Are we in a recession? Will it become a depression? While the pundits and soothsayers play with the words, Barbara Ehrenreich says we're already living in one -- and that 57% of Americans think it began a while ago. Barbara challenges the Presidential contenders: Why is it t so hard to see that ordinary Americans have been in a recession for a long, long time?
And what about the War? Did Clinton's near tears cloud the eyes of anti-war voters? Tom Hayden joins us to talk about the election, the war, and what anti-war lessons can we learn from New Hampshire?
And finally, we end tonight's broadcast with Les Roberts -- he co-authored the Lancet study published in October 2006 that estimated 655,000 excess deaths following the 2003 U.S. invasion of Iraq. Now there is an update: The World Health Organization (WHO) reports that The New England Journal of Medicine just published their estimate of 151,000 Iraqi deaths from violence between March 2003 and June 2006. We'll ask Les what he thinks of their methodology and their findings.
Read More for info on tonight's guests:
1. Barbara Ehrenreich is the author of Nickel and Dimed (Owl), and the winner of the 2004 Puffin/Nation Prize. She is a political essayist, journalist, social critic and feminist, author or co-author of at least sixteen books, including Bait and Switch: The (Futile) Pursuit of the American Dream (2005), Dancing in the Streets: A History of Collective Joy (2007), Fear of Falling: The Inner Life of the Middle Class, and Blood Rites: Origins and History of the Passions of War. She has written for dozens of magazines, including Ms., Harper's, The Nation, The Progressive, The New Republic, The Atlantic Monthly and the New York Times Magazine.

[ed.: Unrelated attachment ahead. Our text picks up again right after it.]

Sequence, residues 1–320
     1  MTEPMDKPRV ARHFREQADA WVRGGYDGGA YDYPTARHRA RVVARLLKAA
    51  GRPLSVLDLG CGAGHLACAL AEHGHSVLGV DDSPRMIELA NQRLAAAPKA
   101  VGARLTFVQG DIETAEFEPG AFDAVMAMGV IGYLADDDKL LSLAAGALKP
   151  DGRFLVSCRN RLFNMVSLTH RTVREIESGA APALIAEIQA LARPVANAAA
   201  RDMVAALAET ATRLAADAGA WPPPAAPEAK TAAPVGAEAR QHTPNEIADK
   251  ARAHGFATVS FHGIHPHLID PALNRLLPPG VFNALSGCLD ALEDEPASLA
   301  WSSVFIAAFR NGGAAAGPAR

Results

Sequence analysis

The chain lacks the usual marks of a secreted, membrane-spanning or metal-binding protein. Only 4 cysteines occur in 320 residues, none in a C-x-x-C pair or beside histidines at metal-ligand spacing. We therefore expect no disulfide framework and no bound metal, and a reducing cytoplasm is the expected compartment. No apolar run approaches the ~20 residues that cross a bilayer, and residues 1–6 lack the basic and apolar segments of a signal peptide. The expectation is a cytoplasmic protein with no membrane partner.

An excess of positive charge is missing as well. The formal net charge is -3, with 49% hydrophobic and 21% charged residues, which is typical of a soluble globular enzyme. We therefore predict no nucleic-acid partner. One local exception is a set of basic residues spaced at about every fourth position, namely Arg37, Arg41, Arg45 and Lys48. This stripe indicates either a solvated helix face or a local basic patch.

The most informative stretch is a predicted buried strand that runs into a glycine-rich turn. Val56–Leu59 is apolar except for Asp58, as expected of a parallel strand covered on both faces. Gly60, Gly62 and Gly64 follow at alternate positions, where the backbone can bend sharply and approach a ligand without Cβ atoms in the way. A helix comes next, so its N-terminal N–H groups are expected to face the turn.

2. Tom Hayden, the Nation Institute's Carey McWilliams Fellow, has played an active role in American politics and history for over three decades, beginning with the student, civil rights and antiwar movements of the 1960s. Hayden was elected to the California State Legislature in 1982, where he served for ten years in the Assembly before being elected to the State Senate in 1992, where he served eight years. He is author of over 175 measures ranging from reform of money in politics, worker safety, school decentralization, small business tax relief, domestic violence, lessening gang violence in the inner city, stopping student fee increases at universities, protecting endangered species like salmon, overhauling three strikes laws, and a measure signed into law that will assist Holocaust survivors in receiving recognition and compensation for having been exploited as slave labor during the Nazi era. Hayden is the author of eleven books, including his autobiography, Reunion; a book on the spirituality and the environment, Lost Gospel of the Earth; a collection of essays on the aftermath of the Irish potato famine, Irish Hunger (Roberts Rhinehart) and a book on his Irish background, Irish on the Inside: In Search of the Soul of Irish America (Verso).
3. Les Roberts, an epidemiologist at Columbia University's Mailman School of Health, became prominent in the news just before the 2004 U.S. presidential election, for his study estimating that 100,000 Iraqi civilians had been killed in the Iraq war, at a time when official U.S. government estimates were much lower. In October 2006, an expanded follow-up study was released that gave a point estimate of 651,000 deaths having occurred, within a 95 percent confidence interval from 300,000 to 900,000.